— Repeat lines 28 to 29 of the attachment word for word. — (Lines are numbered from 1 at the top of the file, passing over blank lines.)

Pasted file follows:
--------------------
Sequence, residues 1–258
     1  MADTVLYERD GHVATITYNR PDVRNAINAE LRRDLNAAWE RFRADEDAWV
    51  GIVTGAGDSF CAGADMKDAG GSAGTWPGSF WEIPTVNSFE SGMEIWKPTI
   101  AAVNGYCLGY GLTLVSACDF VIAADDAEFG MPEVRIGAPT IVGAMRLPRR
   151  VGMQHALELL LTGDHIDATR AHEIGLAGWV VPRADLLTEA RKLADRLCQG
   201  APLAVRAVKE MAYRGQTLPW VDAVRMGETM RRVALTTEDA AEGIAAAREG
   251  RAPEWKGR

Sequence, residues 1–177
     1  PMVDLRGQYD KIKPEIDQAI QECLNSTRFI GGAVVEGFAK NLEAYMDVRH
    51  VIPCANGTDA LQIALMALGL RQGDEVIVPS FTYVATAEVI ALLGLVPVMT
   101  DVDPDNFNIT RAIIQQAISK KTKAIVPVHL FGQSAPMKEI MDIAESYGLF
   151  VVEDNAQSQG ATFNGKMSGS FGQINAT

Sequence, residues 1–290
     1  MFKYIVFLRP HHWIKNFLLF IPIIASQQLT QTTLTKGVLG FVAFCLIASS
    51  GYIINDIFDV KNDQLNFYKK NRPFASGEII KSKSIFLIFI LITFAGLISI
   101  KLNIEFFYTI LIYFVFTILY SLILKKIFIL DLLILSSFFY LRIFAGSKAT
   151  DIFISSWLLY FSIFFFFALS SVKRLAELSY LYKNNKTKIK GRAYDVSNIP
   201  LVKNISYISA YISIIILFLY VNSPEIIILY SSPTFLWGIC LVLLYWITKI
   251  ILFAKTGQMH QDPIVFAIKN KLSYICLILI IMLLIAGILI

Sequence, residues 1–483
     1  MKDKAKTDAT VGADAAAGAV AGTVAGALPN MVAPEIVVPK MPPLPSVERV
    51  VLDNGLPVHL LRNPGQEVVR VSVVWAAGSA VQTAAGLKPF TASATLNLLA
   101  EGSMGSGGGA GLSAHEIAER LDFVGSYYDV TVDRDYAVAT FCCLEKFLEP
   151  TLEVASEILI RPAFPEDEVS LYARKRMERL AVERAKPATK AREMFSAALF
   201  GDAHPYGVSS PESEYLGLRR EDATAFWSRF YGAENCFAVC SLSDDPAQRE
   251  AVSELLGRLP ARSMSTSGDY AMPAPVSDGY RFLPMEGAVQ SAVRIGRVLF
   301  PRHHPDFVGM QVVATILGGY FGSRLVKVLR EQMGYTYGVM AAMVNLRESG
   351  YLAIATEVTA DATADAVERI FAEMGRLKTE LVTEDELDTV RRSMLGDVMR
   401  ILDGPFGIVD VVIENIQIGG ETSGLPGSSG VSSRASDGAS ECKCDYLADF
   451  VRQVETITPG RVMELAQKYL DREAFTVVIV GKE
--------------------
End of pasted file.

   351  YLAIATEVTA DATADAVERI FAEMGRLKTE LVTEDELDTV RRSMLGDVMR
   401  ILDGPFGIVD VVIENIQIGG ETSGLPGSSG VSSRASDGAS ECKCDYLADF